Easiest Way to Fix a Sticky Door Lock
A sticky door lock can put you in a real jam, but we are willing to unveil a few tricks of the trade to help you get unstuck. If you have a sticky lock – whether it’s on your house, your business, a padlock, or a car door lock, here’s what to do…and what not to do.
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Common Causes of Sticky Door Locks
If a door lock is rusted or corroded, it can become hard to get the key into the lock, difficult to turn full, and also sticky and difficult to get out of the lock. If your lock is worn out, lubricant may be a temporary fix, but it’s not going to resolve the problem. Eventually the lock will need to be restored or replaced.
Another cause of sticky locks is having an old or worn key. This is something that we find often on sticky car door locks. The best long-term solution, in this case, is to have a new copy made from the original or order a brand-new key to factory code for your car make and model.
The other issue could be that the door is sticking. This occurs when the hinges are coming loose or the door frame has expanded or contracted over time and with changes in the temperature and weather. If the door frame has shifted, it can cause the latch or the deadbolt on the door to not line up anymore with the hole in the frame. You can test this theory by opening the door and seeing if the key works well in the lock. If it can turn normally with the door open, but the lock becomes sticky and the key is difficult to turn once the door is closed, then you have identified the frame as the culprit.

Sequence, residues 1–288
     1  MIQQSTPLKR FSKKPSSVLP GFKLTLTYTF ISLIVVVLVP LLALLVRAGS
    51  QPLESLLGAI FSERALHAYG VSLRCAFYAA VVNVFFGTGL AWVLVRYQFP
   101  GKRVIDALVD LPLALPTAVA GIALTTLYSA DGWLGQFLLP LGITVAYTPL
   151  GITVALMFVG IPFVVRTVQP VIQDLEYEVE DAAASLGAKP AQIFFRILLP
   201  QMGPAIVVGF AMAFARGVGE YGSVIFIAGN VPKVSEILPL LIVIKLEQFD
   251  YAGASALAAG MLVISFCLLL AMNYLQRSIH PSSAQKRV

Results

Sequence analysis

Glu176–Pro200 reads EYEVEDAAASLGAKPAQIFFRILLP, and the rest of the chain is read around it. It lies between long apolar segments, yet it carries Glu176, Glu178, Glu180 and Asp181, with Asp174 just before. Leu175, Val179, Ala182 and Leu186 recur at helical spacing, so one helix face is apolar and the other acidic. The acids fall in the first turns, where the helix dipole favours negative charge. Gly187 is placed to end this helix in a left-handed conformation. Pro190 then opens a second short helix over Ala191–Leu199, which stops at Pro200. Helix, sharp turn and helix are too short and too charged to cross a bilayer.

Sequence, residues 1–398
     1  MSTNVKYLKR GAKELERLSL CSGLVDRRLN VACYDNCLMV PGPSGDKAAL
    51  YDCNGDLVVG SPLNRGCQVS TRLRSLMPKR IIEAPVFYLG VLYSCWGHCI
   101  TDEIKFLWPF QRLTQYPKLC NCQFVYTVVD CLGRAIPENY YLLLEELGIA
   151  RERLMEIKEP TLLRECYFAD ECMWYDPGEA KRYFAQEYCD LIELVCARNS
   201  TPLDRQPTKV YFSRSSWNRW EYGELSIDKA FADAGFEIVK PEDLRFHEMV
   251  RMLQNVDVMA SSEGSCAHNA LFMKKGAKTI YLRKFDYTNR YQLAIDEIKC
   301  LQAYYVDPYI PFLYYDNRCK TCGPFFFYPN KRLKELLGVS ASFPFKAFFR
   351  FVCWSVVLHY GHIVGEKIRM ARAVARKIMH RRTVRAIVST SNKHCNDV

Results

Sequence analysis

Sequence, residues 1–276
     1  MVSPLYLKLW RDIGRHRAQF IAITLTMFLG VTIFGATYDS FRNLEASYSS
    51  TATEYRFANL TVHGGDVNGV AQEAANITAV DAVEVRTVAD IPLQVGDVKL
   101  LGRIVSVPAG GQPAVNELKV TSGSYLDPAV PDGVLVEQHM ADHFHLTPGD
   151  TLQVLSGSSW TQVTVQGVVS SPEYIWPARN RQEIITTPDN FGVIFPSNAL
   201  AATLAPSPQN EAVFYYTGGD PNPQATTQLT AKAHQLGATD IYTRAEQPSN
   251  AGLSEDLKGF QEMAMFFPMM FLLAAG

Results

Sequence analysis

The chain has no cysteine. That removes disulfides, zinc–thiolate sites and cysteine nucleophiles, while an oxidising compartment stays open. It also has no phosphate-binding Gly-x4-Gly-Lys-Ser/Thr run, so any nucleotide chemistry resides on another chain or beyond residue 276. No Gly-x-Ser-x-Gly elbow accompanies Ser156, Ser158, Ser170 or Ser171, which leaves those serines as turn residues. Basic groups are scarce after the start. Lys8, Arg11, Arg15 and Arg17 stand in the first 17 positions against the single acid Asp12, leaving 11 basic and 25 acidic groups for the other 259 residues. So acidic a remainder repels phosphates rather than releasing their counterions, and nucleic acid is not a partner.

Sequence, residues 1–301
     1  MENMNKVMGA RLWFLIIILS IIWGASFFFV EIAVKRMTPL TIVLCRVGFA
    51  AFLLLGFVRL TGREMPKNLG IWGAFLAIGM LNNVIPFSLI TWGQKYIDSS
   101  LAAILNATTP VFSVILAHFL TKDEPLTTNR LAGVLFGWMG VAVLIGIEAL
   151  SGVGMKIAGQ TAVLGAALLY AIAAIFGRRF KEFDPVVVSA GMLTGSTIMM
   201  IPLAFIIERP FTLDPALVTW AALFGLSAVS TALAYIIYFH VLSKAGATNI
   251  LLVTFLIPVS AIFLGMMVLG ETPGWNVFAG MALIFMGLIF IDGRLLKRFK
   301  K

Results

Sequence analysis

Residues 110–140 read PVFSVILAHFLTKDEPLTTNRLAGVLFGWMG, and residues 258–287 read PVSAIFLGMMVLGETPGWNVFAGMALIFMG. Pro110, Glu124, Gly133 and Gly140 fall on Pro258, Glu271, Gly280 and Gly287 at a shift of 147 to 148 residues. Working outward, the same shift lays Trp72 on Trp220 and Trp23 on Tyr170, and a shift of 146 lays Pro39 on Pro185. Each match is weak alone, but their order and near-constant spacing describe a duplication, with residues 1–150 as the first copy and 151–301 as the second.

What NOT to Do
Panicking and using the wrong tools or products can only make the problem worse. If your lock is jammed, don’t:
- Use a penetrating oil, linseed oil, or sewing machine oil as a lubricant.
- Use petroleum-based lubricants like motor oil or WD-40.
- Use sharp tools to try to pick the lock.
- Use a hammer or mallet in an attempt to fix the lock.
How to Fix a Sticky Door Lock
- To fix the problem, the first thing to do is to squirt a small amount of dry lubricant or graphite powder inside the slot where the key goes.
- Insert the key into the lock and pull it out a few times without turning it.
- Then, insert the key and turn it in both directions a few times to distribute the lubricant or powder around the entire locking mechanism.
- Take the key out and repeat the process with a few more sprays of lubricant or puffs of graphite powder.
Best Lubricants to Fix Sticky Door Locks
When dealing with a jammed lock, I know it’s very tempting to race out and get some WD-40 or something like that. Petroleum-based lubricant that’s squirted into a lock mechanism will work initially, however, because it’s a wet lubricant, overtime it will trap dust and grime inside the lock and make it even stickier. Instead, we recommend silicon-based or dry products:
Related article: When to Fix It Yourself and When to Call a Locksmith.
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